By on December 29, 2008

Google’s recent release of its Android operating system is keeping the telephones-do-everything trend alive and well. Google already supplies its Google Map data to third-party navigation developers, but Android’s open development strategy is fueling the car-phone fusion like never before. And as with all tech innovations (especially the open development kind) there are as many head scratchers as killer apps among the Android car programs previewed by the Headlight blog. One concept that makes a lot of sense is the KEI, which uses 128-bit encrypted connectivity to connect your car with your phone. KEI allows your Android-equipped phone to unlock or start your car wirelessly, with a wide range of diagnostic functions also possible down the road. Everyone loses a key at some point, so merging phone and key functions makes tons of sense. Which must be why Delphi has already previewed a similar app for the iPhone.

SugarTrip, another Android app, allows mobile users to share information about local parking and traffic conditions through the Google Maps navigation function. Of course, Sugar Trip is being marketed as a “green” application due to its congestion-fighting abilities, and (more specifically) the fact that green is hot right now, marketing-wise.

Which brings us to another, hugely useless “green app” for the guilt-wracked Android user. Known as Ecorio, this app calculates your fuel mileage and carbon output in real time, then allows you to (get this) purchase carbon offsets for your earth-destroying trip to Urban Outfitters right from your phone. I can see being motivated by paranoia to buy a key-replacing phone app, but the guilt amelioration business model just doesn’t grab me.

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5 Comments on “Google’s Paranoid Android Launches Killer Car Apps...”


  • avatar
    psarhjinian

    KEI and SugarTrip aren’t bad ideas at all. KEI has security concerns, true, but something like SugarTrip (that feeds route congestion information back) would allow for a flexible, distributed, up-to-date method for managing traffic.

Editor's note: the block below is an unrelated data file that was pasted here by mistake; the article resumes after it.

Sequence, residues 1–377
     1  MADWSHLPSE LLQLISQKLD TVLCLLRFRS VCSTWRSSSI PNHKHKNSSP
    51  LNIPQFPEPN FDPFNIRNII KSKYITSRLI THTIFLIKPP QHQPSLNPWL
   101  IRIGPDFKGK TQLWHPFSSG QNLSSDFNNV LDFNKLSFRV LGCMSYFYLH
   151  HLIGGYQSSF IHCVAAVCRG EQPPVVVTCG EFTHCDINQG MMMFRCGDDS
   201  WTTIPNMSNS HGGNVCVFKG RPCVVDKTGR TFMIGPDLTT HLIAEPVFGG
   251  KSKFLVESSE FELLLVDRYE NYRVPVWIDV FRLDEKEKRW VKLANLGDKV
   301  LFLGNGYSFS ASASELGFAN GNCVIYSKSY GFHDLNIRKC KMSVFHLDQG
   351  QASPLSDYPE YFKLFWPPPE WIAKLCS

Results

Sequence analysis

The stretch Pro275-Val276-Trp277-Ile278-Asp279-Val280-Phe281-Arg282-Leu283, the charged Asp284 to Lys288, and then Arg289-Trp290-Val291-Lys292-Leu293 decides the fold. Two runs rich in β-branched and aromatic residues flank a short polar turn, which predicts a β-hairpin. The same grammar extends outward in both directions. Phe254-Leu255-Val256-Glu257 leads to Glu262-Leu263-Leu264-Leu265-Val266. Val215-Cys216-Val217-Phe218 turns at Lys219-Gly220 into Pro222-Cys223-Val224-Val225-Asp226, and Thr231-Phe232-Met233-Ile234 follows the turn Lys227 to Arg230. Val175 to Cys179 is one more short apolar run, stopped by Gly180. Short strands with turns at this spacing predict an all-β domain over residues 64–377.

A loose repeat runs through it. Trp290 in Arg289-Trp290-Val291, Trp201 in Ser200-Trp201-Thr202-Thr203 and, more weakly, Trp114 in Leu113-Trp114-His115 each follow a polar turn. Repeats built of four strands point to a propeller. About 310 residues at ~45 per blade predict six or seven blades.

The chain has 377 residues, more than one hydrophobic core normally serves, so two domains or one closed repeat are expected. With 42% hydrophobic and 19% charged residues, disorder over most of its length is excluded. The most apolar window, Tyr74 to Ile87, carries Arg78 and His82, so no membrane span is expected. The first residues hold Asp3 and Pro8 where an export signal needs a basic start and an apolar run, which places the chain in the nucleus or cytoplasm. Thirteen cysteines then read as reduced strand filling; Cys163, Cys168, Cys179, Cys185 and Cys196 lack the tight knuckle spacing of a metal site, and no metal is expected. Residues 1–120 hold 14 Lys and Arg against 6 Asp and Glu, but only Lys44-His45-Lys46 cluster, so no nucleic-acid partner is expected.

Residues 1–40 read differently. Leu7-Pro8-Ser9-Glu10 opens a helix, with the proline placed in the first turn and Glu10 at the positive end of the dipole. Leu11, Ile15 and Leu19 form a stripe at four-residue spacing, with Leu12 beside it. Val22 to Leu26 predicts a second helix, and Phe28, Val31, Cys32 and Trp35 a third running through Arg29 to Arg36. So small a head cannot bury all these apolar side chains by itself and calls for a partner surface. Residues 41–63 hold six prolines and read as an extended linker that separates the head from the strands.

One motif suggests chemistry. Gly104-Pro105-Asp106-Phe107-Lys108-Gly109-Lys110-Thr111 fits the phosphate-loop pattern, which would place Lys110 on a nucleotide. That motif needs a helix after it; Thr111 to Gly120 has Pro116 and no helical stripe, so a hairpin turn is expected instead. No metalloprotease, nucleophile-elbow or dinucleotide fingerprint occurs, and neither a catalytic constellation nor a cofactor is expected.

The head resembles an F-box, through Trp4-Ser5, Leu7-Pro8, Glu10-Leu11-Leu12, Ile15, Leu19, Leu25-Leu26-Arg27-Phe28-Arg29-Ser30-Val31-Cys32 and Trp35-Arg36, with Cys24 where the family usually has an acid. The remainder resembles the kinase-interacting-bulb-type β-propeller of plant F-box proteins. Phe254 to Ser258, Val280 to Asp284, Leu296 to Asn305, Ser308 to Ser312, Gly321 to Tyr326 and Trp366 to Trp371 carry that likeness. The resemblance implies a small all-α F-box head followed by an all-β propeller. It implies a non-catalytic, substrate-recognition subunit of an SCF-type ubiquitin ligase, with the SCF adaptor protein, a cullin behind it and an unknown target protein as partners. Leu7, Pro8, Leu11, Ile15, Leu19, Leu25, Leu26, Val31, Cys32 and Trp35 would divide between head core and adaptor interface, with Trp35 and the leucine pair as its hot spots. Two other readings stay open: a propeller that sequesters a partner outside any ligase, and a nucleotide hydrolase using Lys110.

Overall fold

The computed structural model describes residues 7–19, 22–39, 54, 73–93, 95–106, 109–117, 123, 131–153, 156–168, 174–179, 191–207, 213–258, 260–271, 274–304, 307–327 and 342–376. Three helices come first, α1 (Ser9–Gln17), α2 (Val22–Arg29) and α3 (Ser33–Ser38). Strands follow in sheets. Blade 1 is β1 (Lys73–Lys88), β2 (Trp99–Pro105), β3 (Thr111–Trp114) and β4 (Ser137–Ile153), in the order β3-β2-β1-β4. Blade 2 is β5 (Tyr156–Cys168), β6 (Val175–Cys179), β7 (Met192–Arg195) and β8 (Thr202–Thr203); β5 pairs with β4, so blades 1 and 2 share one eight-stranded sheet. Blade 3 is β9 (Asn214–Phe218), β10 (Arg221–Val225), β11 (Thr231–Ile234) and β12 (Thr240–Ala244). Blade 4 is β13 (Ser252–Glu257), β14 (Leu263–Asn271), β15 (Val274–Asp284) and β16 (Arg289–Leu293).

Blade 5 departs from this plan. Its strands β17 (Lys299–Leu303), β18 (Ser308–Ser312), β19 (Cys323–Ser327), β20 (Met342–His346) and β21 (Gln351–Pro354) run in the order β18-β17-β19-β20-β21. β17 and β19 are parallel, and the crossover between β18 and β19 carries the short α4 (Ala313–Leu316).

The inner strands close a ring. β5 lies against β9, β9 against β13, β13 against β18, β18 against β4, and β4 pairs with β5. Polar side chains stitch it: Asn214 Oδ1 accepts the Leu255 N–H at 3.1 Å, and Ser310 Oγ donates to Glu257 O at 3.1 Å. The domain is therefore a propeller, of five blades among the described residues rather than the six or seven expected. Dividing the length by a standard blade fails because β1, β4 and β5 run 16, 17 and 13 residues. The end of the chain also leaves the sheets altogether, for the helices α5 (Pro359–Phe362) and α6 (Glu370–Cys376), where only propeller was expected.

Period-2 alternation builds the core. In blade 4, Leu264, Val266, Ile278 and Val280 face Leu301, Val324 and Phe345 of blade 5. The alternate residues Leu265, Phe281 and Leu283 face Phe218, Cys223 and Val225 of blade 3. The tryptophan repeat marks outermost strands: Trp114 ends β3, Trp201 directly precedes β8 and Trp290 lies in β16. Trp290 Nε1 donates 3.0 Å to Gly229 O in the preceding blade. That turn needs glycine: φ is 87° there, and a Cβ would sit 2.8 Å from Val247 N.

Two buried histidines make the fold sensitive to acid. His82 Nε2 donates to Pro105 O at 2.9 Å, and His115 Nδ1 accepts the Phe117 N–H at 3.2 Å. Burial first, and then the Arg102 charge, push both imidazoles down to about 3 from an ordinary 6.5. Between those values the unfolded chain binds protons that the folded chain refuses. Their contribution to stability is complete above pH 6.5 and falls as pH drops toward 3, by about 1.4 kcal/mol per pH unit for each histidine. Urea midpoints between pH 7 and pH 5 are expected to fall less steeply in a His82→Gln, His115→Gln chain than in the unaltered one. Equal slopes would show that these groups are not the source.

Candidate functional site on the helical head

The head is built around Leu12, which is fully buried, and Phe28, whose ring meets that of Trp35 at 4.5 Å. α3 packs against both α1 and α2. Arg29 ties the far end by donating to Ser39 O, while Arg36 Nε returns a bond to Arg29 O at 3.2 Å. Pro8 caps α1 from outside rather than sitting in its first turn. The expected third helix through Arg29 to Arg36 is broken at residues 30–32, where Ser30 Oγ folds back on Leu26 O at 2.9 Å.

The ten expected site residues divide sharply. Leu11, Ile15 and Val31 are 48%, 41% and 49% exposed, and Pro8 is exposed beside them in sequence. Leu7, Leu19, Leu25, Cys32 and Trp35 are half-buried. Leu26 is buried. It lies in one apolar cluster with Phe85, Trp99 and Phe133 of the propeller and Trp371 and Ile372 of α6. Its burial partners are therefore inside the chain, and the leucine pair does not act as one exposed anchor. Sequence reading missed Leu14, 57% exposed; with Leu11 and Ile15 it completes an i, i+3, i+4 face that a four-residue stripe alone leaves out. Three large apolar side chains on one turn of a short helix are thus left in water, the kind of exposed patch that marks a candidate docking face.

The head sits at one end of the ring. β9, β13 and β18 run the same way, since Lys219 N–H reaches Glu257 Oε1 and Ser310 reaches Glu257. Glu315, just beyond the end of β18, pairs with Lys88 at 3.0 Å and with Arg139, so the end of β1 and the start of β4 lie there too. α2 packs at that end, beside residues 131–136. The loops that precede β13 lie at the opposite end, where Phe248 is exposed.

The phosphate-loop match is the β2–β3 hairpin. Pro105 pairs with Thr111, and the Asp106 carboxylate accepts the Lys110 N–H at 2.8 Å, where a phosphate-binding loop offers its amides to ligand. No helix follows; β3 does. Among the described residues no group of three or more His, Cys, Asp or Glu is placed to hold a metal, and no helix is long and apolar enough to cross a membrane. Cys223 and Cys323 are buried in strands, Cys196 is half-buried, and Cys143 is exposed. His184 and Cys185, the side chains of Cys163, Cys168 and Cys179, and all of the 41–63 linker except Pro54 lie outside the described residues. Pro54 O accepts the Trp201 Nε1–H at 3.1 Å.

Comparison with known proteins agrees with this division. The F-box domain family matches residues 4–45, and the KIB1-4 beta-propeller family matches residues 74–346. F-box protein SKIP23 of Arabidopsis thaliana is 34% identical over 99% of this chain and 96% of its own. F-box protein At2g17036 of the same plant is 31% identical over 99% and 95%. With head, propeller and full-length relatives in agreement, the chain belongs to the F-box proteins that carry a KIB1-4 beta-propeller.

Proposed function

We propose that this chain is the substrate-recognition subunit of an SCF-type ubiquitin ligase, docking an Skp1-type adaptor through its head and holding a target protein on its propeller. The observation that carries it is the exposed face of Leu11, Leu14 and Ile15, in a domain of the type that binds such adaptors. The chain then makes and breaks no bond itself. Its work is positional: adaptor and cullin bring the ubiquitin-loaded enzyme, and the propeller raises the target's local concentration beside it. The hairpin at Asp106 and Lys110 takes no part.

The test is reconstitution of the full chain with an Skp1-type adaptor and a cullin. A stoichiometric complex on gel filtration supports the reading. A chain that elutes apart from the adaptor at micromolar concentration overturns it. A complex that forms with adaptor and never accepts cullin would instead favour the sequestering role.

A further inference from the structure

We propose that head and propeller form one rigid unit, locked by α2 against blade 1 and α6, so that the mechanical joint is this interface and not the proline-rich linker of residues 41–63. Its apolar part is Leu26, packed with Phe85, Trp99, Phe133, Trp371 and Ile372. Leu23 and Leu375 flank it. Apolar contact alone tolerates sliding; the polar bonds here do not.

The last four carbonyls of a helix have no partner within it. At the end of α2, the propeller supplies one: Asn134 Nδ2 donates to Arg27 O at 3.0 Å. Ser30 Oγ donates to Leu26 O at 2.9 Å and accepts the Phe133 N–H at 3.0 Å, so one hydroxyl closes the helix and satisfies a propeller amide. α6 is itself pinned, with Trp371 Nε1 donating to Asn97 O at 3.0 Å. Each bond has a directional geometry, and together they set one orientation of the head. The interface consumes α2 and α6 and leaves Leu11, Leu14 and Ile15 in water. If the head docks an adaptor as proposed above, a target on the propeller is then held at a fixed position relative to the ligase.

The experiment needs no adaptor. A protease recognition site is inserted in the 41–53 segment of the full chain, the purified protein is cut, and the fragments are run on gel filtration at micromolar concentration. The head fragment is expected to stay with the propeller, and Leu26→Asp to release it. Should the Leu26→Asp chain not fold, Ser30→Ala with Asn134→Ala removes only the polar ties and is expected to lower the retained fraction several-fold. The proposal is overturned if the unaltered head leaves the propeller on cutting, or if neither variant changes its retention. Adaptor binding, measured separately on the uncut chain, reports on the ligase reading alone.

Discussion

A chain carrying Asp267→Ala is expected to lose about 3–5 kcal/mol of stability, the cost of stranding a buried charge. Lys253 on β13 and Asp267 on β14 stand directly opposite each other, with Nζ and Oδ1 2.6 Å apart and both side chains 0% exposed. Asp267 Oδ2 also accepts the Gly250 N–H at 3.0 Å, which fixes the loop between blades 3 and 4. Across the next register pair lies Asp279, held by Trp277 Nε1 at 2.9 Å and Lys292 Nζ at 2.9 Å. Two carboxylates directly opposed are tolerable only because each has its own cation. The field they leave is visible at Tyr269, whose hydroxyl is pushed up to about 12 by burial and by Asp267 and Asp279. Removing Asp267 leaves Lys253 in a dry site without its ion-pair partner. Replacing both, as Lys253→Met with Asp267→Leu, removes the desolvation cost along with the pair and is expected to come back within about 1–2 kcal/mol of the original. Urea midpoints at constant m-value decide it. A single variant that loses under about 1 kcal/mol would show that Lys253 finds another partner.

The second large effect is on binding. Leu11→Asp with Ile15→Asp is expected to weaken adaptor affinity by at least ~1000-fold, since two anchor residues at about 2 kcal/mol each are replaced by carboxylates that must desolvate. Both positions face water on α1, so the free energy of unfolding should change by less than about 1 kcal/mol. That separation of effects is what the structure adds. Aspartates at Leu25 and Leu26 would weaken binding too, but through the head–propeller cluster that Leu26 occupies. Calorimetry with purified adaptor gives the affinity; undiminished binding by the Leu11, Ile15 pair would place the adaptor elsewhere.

The problem in all this is that there’s a grand total of one Android handset available to consumers and it’s not exactly flying off the shelves. For something like this to work, it needs to be ubiquitous. If I were Google, I would be whoring out Android ICE integration to every manufacturer before Microsoft eats this market with SYNC.

  • avatar
    NickR

    Would using SugarTrip to point out where speed traps are be an offense? Probably.

  • avatar
    factotum

    @NickR: I don’t see why. There are GPS devices with speedtrap notifications built in and websites with databases of speedtraps the world over. The more power to me to fight the small town hick cop who tickets anyone rolling through his burg at .5 mph over the limit.

    On a separate note, SugarTrip would be good for someone visiting a city and needing to know where are the best places to park.

  • avatar
    Martin Schwoerer

    Here’s a prediction. Mobile phone / car integration is going to happen. Cars are ubiquitous, just like phones, and both fit together well.

    Your phone, in ten years or so, will tell your car to unlock the doors and allow you to start, it will tell the car how you like the interior lighting, climate, and your seating arrangement, it will store trip data and help you in traffic. Your entertainment data will be on the phone as well as your communication stuff. In addition to a load of other applications we’ll talk about when the time comes.

    Nokia knows this. Google knows that Nokia knows this. Apple is in it too, but I doubt they have the endurance. The race to the ubiquitous interface is on.

  • avatar
    psarhjinian

    Nokia knows this. Google knows that Nokia knows this. Apple is in it too, but I doubt they have the endurance. The race to the ubiquitous interface is on.

    The problem is the utter lack of standards in the mobile industry. You have Symbian (Nokia, which is an utter nightmare to code for, and not much better to use), BlackBerry (locked down), iPhone (locked down, dumbed down), Windows Mobile (How do you want to crash today?) and now Android (too early to tell).

    About the only standard, if you could call it that, is the Java MIDlet, which runs on Symbian and BlackBerry, and occasionally runs (but mostly crashes) on Windows. I’d really like to see this work, but until the respective platform makers sit down and accept that a) people don’t want phones that crash and b) people don’t want to be tied to a single platform, it isn’t going to happen.

    You need the consistent user experience of the iPhone or BlackBerry, with the openness of WM/Symbian. That’s, almost by definition, impossible.

    And once you address the platform makers, you have the carriers to deal with. Good luck with that.

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